The highlight of the evening, however, was when we got chatting to Brian Massey later in the evening (who is both hilarious and a surprisingly good dancer). This was one of the nicest things about the environment at Elite Camp – the speakers were just as approachable as the attendees, happy to mingle and chat with anyone.
A few drinks in, Brian got us to test his lab coat theory by fetching some spares he was conveniently carrying. It worked – we were smart enough to leave the party at 4am (which was in the process of rolling onto the beach…).
Day 2: The Leaky Bucket
It’s fair to say we weren’t the only ones feeling the after-effects of some, shall we say, ‘over exuberant’ partying the night before, as Day 2 got underway. ‘The ‘leaky bucket’ appeared to be the theme of the day (or possibly the weekend), as I can’t count the amount of times that phrase came up.
Judah Phillips: Building a Digital Analytics Organization – Creating Value with Your Data
Judah Phillips – who literally wrote the book on building a business on digital analytics and data driven insight – presented some of his methodologies for using data to reduce costs and increase profits.
The main thing I took from Judah’s talk, which was highly detailed and comprehensive, was that everything starts with analytics – you need proper data to be able to make informed marketing and business decisions.
Ton (‘The Barefoot Presenter’) Wesseling’s presentation centered around his ‘daily job’, a specific client he’d been working closely with – optimising the booking process for a hotel chain called Van Der Valk. A primary message in Ton’s talk was in the value of creating a tight team where everybody knows the drill – something I whole-heartedly agree with.
Ton emphasized that optimisation is about learning to understand behaviour – in this case study, what was causing people to back-click (rooms booked) and what could you do to increase click-throughs (introduce scarcity). He also drilled home the importance of re-testing: if you get a positive result from testing, re-test it. Was it a fluke?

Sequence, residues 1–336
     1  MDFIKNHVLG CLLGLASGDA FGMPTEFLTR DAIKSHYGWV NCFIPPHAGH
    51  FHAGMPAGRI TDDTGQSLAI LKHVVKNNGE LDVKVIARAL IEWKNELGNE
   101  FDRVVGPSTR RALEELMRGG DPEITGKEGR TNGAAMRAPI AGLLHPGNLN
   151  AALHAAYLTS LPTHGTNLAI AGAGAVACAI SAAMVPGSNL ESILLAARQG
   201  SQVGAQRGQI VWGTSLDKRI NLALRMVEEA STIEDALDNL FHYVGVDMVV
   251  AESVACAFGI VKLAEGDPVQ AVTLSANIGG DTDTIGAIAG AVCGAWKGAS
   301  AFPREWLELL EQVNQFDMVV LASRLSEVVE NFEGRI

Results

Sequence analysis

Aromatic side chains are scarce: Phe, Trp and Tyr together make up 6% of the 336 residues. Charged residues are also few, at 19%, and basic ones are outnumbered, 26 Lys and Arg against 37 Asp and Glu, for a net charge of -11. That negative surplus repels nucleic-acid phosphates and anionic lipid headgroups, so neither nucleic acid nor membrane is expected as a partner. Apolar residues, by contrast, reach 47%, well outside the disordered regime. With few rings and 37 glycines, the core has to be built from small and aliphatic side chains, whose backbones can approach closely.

Craig Sullivan: How to Completely Scew Up Your A/B Testing
Craig’s presentation was a veritable tour de force of CRO tips and tricks, with as much ‘how not to do it’ as ‘how to do it.’ Some of my favourites:
- Get lots of people involved in generating potential hypotheses to test
- Integrate your testing software with your analytics (great for segmentation)
- Minimum test length: 2 business cycles (also aim for 350 ‘results’, also try this tool)
- Don’t rely on confidence intervals to stop your test – use error bar separation (aim for no overlap on the bell curves!)
- Do browser testing on your split tests
- Don’t run A/A/B/B tests (you just reduce your sample size and increase test length)
- In 9 years and 40M split tests with visitors, the majority of gains came from playing with the words
Michael Aagaard: How to Be a Better Conversion Copywriter – Actionable Insight from the Trenches
Michael Aagaard (otherwise known as ContentVerve) told us all to “come to terms with your role as a conversion copywriter” – as a writer you want to find the sweet spot between creative and analytical copy.
The primary message from Michael’s talk was to focus on optimising decisions – what is the decision you want people to take?
You can increase the chances that users will make these decisions by improving clarity, offering tangible benefits and reducing friction (psychological resistance in the decision making process).
Make your pages, design and copy laser focused to optimise the decision.
John’s presentation, aptly renamed ‘The Conversion Side of Content Marketing’, was about applying conversion principles to maximise content marketing efforts:
- Marketing messages that are consistently running
- Using segmented, precise messages at critical points in the prospect’s decision process
- Close the deal
The methodology for this is to first build the content, then optimise the lead management process, and only then build this into a marketing automation system. The point of content marketing, as John sees it, is to maximise customer lifetime value.
I really liked John’s model for a ‘conversion focused’ lead generation site (which we may test on Hit Reach):
Party 2: The Country That Never Sleeps
Estonia in June is rather surreal – it never gets dark. Well, it does, but blink and you’ll miss it – we managed to spend the whole weekend there without seeing darkness once… WTF??
To be fair, this was in part due to the crazy party going on inside (which interfered with my ‘enjoyment’ of England’s inevitable defeat to Italy). By the time they kicked us outside at 3am, it was bright as day once again. As some of the delegates decided to go for a early-morning swim (don’t ask me why), rumour starting spreading around camp that someone had ordered pizza.